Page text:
Indeed its expansion has been so impressive that it is among Britain's fastest-growing private companies, as identified by the Independent 100 listing compiled by the Independent on Sunday in association with accountants Price Waterhouse.
The company, which came 14th in the seventh annual league table, started in 1990 with just Mr Macpherson and eight colleagues. Eight years later, from its base in north London, it has become an important player in project management and consultancy, not just in Britain but in mainland Europe, the Middle East and the Far East.
Mr Macpherson says he is not too worried by recent developments in a part of the world that only a few months ago was seen as an ideal place to invest. "Luckily, we don't have a lot going on in the Far East at the moment," he says, adding that the company's work is largely for British rather than locally owned organisations.
Nearer to home the company is involved in several high-profile projects, including the new British Airways corporate headquarters near Heathrow airport, the reconstruction of Manchester city centre in the wake of the IRA bomb and the Millennium Point project in Birmingham. It has also just completed the new headquarters building for the pharmaceuticals company Glaxo Wellcome in Middlesex.
The first major commission was the BA project and things have just grown from there, says Mr Macpherson, pointing out that subsequent appointments have reinforced a "top-drawer" reputation. "We seemed to tap into client demand."
He attributes much of this success to the company's ability to develop some of the techniques he and others introduced in the late 1980s. Prior to starting up Mace, Mr Macpherson was a director of the building company Bovis and closely involved in the Broadgate development on the edge of the City of London.
As he says, he "learned a few tricks" from Stuart Lipton, then chief executive of Stanhope Properties, the group largely behind Broadgate. That scheme is acknowledged to have revolutionised the construction industry by showing that buildings could be completed as fast as those in the US and at lower cost.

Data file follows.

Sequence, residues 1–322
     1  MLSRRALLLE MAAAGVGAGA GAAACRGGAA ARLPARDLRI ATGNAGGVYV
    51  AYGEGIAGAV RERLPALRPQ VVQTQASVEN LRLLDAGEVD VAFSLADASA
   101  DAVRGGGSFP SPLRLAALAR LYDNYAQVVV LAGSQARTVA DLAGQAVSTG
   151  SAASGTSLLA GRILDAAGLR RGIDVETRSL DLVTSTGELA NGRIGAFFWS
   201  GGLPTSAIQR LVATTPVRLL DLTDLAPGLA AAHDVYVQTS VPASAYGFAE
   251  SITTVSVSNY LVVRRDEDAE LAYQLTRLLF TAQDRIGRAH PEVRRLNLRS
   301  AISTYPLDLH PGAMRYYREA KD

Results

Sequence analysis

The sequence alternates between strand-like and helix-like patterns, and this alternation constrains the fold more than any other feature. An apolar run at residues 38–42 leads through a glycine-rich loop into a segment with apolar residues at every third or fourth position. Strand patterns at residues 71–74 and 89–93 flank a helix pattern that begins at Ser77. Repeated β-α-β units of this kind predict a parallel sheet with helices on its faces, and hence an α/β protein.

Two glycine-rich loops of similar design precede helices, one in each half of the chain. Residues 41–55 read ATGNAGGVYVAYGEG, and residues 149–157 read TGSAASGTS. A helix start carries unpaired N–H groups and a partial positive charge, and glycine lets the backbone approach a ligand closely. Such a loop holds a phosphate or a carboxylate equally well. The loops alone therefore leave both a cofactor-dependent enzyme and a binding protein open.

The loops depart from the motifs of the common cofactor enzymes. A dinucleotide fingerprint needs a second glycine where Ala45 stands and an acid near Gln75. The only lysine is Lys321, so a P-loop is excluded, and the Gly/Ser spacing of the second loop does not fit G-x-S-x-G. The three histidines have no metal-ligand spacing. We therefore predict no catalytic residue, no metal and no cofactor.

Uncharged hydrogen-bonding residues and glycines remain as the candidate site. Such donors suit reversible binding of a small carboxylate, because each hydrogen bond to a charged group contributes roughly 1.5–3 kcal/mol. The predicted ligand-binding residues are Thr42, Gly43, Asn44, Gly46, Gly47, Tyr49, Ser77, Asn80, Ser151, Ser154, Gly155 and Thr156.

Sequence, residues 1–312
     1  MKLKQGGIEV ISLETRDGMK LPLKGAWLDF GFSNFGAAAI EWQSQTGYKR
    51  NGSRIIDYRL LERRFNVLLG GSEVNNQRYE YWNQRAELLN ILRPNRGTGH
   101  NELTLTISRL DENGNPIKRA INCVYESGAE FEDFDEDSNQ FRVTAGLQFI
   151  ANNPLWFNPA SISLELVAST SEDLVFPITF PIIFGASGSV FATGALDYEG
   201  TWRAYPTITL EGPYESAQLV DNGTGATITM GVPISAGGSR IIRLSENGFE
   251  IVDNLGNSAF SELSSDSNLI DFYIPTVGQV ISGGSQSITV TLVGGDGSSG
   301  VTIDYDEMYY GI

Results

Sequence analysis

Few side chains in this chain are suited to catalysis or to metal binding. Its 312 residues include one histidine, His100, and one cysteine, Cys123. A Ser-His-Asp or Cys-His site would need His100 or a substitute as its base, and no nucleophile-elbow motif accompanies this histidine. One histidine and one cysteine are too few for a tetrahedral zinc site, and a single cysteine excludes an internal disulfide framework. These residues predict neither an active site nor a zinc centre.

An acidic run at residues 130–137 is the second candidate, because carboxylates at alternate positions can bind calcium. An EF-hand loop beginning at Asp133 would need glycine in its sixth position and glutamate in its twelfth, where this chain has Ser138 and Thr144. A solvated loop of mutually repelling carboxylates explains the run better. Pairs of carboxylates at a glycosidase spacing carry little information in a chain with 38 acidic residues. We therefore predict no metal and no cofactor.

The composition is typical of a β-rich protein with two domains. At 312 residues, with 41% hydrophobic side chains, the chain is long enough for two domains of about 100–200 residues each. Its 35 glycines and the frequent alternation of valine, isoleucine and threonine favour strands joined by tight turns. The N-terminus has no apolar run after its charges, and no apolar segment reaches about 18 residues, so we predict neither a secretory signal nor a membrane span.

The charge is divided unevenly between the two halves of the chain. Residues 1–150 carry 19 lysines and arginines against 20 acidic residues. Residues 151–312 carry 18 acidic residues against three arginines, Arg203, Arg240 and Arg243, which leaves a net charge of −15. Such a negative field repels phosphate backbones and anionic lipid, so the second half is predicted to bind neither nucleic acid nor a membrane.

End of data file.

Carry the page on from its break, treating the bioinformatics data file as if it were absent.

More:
He also acknowledges that the contacts he established during the Broadgate project have been useful in developing Mace.
However, Mr Macpherson attaches particular importance to the style of management. "It's a modern company with a very flat structure," he says. Moreover, although three directors now own all of Mace, they are about to sell 10 per cent of the stock to staff as the first stage in giving the employees a majority stake.
Mr Macpherson agrees that the construction industry is in much better shape now than when Mace started, but he insists that while it is "definitely picking up" it is not in a boom. Nevertheless, he has high hopes for a return to the Independent 100 listing after its debut appearance last year, when average annual sales growth over the previous five years had taken it to a turnover of just under pounds 16.5m. Since then sales have more than doubled to pounds 35m, while the number of people employed has risen from 193 to about 460 and profits have passed pounds 1m.
It is the sort of performance that has been identified many times over the past seven years of the listing. Among the companies that have appeared in it and since floated on the stock market are JD Wetherspoon, Stagecoach, Groupe Chez Gerard, Majestic Wine and European Telecom, the mobile phone distributor that topped the listing last year. Others - such as Value Added Medical Products, which topped the first table, and Merlin, the company behind the craze for football stickers and another business to have topped the listing - have been bought out. Still others - notably Loot, the classified advertisements newspaper publisher - have remained independent largely because their performance has been so strong that they do not need outside funds to finance expansion.
Significantly, an index of former Independent 100 companies that are now quoted on the Stock Exchange shows that these businesses have overall consistently outperformed the FT-SE 100 over the past five years.
The Independent 100 listing is based on annual compound sales growth over the five years to 30 June 1997. In addition, through the Middle Market 50 listing, there is recognition for the outstanding achievements of companies that continue to expand quickly even though they have reached a certain size. To qualify for this, companies must have sales of at least pounds 5m in the financial year to 30 June 1993 and more than 150 employees in the period to 30 June 1997.
To give some idea of the sort of performance that will qualify for inclusion, each of the top three companies in last year's Independent 100 achieved average annual sales growth over the five years of more than 100 per cent, while even for the 100th company the figure was 33.5 per cent. In the middle market, the top-placed company - another mobile phone business called Caudwell Subsidiary Holdings - achieved average annual sales growth of more than 75 per cent, while for the 50th company the figure was just over 25 per cent.
Pointing out that over the past seven years the listings had "become established as a premier forum of UK fast-growth emerging companies," Nigel Crockford, a PW corporate finance partner, said: "The Independent 100 and Middle Market 50 listings identify the star performers in the UK private company sector - an area so vital for the creation of wealth, employment and economic growth."
If you think your firm stands comparison with such businesses, contact Julie Harwood at PW for an application form. The address for forms and completed entries is Independent 100, Price Waterhouse, Southwark Towers, 32 London Bridge Street, London SE1 9SY. Entries must be returned by Friday 27 February.